A Cyberwarfare Arms Race Is In Full Swing And The US Is Losing

Cyber Warfare

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A global cyberwarfare arms race is in full swing, a majority of cybersecurity and policy experts surveyed worldwide agrees.Such a finding may not be entirely surprising given that news reports of such an arms race have been popping up like mushrooms over the past year.

But the 2011-2012 survey – conducted by the Security & Defence Agenda (SDA) of Brussels, a specialist security and defence think-tank, and McAfee, a cybersecurity company – was purportedly of 250 of the world’s top policy wonks in 27 countries, a group presumably less likely to be whipsawed by media reports. If so, it may indicate that the reported rise in nation-state cyberthreats is not just news gatherers run amok.

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Either way, efforts to get a grip on how big and diverse the cyberthreat facing the world really is are generally welcome for whatever might be gleaned, cyberexperts say. In that vein, the new survey released Jan. 30 found that:

• 57 per cent of global experts believe an arms race is taking place in cyberspace.

• 36 per cent say cybersecurity is more important than missile defence.

• 43 per cent identified damage or disruption to critical infrastructure as the greatest single threat posed by cyberattacks with wide economic consequences – a jump from 37 per cent in McAfee’s 2010 Critical Infrastructure Report.

• 45 per cent say cybersecurity is now as important as border security.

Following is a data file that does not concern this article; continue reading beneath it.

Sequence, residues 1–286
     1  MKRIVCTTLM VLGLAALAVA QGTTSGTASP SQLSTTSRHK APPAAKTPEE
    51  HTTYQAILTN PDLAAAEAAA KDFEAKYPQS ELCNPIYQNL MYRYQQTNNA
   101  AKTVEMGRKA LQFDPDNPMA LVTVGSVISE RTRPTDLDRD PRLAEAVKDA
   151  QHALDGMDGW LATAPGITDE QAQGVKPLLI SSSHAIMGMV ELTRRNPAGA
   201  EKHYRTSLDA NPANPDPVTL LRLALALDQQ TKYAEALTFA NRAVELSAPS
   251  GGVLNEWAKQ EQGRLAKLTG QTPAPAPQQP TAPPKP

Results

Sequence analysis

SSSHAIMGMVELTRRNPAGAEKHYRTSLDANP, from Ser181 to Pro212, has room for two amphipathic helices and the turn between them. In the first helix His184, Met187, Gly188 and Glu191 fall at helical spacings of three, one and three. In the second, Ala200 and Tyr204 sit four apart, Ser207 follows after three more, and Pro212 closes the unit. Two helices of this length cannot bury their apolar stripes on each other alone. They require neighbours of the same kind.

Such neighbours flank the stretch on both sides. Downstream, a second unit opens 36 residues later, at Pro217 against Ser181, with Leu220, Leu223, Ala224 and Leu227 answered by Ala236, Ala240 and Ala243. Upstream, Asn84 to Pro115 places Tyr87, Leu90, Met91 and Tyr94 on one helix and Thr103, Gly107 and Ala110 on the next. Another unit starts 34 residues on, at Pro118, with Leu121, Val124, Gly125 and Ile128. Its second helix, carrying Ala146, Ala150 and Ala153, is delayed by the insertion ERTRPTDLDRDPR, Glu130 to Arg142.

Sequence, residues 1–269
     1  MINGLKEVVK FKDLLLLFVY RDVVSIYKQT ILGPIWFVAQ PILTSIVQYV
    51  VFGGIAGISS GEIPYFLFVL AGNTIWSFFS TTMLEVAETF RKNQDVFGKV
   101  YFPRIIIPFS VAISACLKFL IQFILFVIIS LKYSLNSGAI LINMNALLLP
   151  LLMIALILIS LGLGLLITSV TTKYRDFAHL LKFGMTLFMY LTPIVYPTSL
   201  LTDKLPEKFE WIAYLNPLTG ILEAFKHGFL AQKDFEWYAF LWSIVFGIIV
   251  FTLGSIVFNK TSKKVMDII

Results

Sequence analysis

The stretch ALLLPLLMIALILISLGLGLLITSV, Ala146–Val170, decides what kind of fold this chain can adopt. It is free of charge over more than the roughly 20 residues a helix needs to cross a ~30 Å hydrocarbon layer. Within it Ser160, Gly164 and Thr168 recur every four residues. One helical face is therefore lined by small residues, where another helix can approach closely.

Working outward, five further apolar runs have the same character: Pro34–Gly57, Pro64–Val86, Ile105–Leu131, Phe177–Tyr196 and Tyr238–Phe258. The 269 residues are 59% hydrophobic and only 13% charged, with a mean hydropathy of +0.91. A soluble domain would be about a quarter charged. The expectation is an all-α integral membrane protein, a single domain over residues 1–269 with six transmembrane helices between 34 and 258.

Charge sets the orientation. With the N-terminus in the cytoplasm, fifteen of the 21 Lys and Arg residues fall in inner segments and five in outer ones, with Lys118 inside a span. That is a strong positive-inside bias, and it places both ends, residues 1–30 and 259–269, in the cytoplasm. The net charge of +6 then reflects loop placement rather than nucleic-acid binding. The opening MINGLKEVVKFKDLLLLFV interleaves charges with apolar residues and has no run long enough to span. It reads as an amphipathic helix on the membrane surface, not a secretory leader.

• Cyber-readiness of the USAustralia, UK, China, and Germany all lagged behind smaller nations like IsraelSweden, and Finland among the 23 countries rated by report.

A number of countries are developing plans to “respond more aggressively” to cyberattacks and funding major investments in offensive systems, said a number of the more than 80 cybersecurity experts in government, companies, international organisations, and academia who were interviewed in depth for the survey.

One example, Britain in late 2011 released a cyberstrategy that promoted the idea of both companies and the military taking strong defensive action.

“Instead of writing off losses, [companies] should invest into actively targeting those organisations that have been attacking them,” William Beer, director of information and cybersecurity practice at PricewaterhouseCoopers, based in London, told the survey.

This post originally appeared at The Christian Science Monitor.

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